KI TAYTZAY — “You can run, but you can’t hide”. We all have our demons, the parts of ourselves that we wish were better or wish didn’t exist within us. The best way to deal with them is to acknowledge their reality, confront them, and challenge them. Only then do we stand a chance of working them out of our system. This week’s Torah portion, Ki Taytzay, contains a wonderful mitzvah. We are instructed to return lost objects that we may find lying in the street. Though I may be appreciative of this when I am the owner who...Read More
KI TAYTZAY — How can we be sensitive to being influenced by, or influencing, those close to us? The behaviors we model for our children often repeat in their actions. Our expressed beliefs, the stories we tell, and the interests we pursue all have an impact on our children. We all know of families that have generations with the same hobbies, business interests, and views on life. This week’s Torah portion, Ki Taytzay, introduces this idea of individual responsibility. There is in fact a verse that states that parents shall not be punished for the actions of their children, nor...Read More
KI TAYTZAY — Kindness to others in children can begin with kindness to animals. Even though children can be fairly self-centered, exposure to animals can bring out the nurturing side of a child. At times, however, children can also be cruel to insects or animals. These times provide an important opportunity for a lesson in the feelings of creatures other than human beings and can lead to greater kindness for other people as well. Our current Torah portion forbids us from plowing with an ox and an ass together. Besides a concern for not mixing species together, plowing with an ox and an ass can...Read More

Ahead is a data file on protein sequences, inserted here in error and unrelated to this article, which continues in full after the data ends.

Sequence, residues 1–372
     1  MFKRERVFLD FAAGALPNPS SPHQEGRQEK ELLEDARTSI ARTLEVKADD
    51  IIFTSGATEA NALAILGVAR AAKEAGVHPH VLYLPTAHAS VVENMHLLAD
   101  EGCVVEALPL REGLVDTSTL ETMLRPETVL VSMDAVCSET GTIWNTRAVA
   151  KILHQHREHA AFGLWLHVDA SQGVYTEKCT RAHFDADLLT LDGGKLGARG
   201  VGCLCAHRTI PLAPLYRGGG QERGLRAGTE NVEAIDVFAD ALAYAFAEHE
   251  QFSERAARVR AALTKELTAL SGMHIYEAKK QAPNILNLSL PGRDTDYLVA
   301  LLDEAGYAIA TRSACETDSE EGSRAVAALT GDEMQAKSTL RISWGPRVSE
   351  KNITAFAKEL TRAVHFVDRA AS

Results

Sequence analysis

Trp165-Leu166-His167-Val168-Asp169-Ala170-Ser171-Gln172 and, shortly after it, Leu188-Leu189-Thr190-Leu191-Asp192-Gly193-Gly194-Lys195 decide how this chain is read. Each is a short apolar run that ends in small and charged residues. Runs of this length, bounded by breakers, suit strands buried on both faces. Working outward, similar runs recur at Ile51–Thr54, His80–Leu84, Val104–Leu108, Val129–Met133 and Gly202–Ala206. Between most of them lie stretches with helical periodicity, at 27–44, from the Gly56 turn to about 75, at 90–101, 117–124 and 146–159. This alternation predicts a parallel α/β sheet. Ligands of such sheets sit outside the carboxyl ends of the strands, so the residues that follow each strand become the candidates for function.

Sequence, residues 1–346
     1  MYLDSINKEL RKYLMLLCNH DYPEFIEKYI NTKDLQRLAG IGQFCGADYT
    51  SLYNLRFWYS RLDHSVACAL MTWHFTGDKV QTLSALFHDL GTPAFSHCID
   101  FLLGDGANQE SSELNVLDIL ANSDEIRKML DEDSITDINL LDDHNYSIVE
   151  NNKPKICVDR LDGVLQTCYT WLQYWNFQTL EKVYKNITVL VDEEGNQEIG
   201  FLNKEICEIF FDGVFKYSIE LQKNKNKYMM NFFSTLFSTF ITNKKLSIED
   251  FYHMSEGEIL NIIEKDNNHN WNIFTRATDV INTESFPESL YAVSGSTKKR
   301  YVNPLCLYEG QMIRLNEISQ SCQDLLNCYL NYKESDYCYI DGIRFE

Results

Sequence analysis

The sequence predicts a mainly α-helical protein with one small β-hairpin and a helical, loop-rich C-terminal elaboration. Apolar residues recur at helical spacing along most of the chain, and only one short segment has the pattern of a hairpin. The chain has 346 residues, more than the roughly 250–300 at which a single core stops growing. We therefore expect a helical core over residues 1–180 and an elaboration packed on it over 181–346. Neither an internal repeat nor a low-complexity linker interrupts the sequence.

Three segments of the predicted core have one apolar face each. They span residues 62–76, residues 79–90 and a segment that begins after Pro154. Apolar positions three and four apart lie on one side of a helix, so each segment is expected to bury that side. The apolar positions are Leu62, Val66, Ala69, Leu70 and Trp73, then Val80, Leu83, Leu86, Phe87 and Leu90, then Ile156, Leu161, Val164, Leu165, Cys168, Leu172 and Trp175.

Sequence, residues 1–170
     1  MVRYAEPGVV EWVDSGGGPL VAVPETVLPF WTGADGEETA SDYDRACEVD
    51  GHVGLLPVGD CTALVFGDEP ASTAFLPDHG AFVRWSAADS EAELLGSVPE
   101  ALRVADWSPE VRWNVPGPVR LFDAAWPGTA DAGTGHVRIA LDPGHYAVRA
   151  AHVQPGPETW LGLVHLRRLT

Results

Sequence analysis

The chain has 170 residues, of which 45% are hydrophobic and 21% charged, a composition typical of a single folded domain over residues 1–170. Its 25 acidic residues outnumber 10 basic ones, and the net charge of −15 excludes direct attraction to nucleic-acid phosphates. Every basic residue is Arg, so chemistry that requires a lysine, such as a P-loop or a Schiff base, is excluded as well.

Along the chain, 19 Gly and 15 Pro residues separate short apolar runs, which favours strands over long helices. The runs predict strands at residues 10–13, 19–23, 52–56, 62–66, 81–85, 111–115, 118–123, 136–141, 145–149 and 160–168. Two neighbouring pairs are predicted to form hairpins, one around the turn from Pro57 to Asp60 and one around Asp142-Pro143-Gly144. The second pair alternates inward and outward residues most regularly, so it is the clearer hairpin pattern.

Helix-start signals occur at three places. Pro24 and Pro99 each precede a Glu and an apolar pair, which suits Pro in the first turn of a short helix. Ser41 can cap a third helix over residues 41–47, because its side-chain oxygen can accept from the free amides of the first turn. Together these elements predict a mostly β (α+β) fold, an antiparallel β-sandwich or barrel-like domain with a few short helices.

SHOFTIM — Our world is results-oriented. We are used to productivity as a measure of what’s good and right. Whether it’s writing software that does what we want it to do or closing a business deal, our environment celebrates the ‘bottom line’ far more than it judges the methods used getting there. The beginning of Shoftim, this week’s Torah portion, contains instructions for judicial proceedings. We are commanded to “pursue justice justly”. Not only are the judges enjoined to focus on a just outcome, but also the litigants themselves are reminded that their pursuit of justice must be done...Read More
SHOFTIM — Children are perpetually concerned with fairness. “It’s not fair,” they cry when a sibling gets something they don’t. It’s a phrase they often use when there’s something not exactly to their liking. But “it’s not fair” can become something more mature as they grow older. It can become a concern for justice. It’s not fair, for example, can become it’s not right that a classmate is being teased on the playground, or can extend beyond their immediate environment to —it’s not right that a person has no place to sleep at night, or that a child has...Read More
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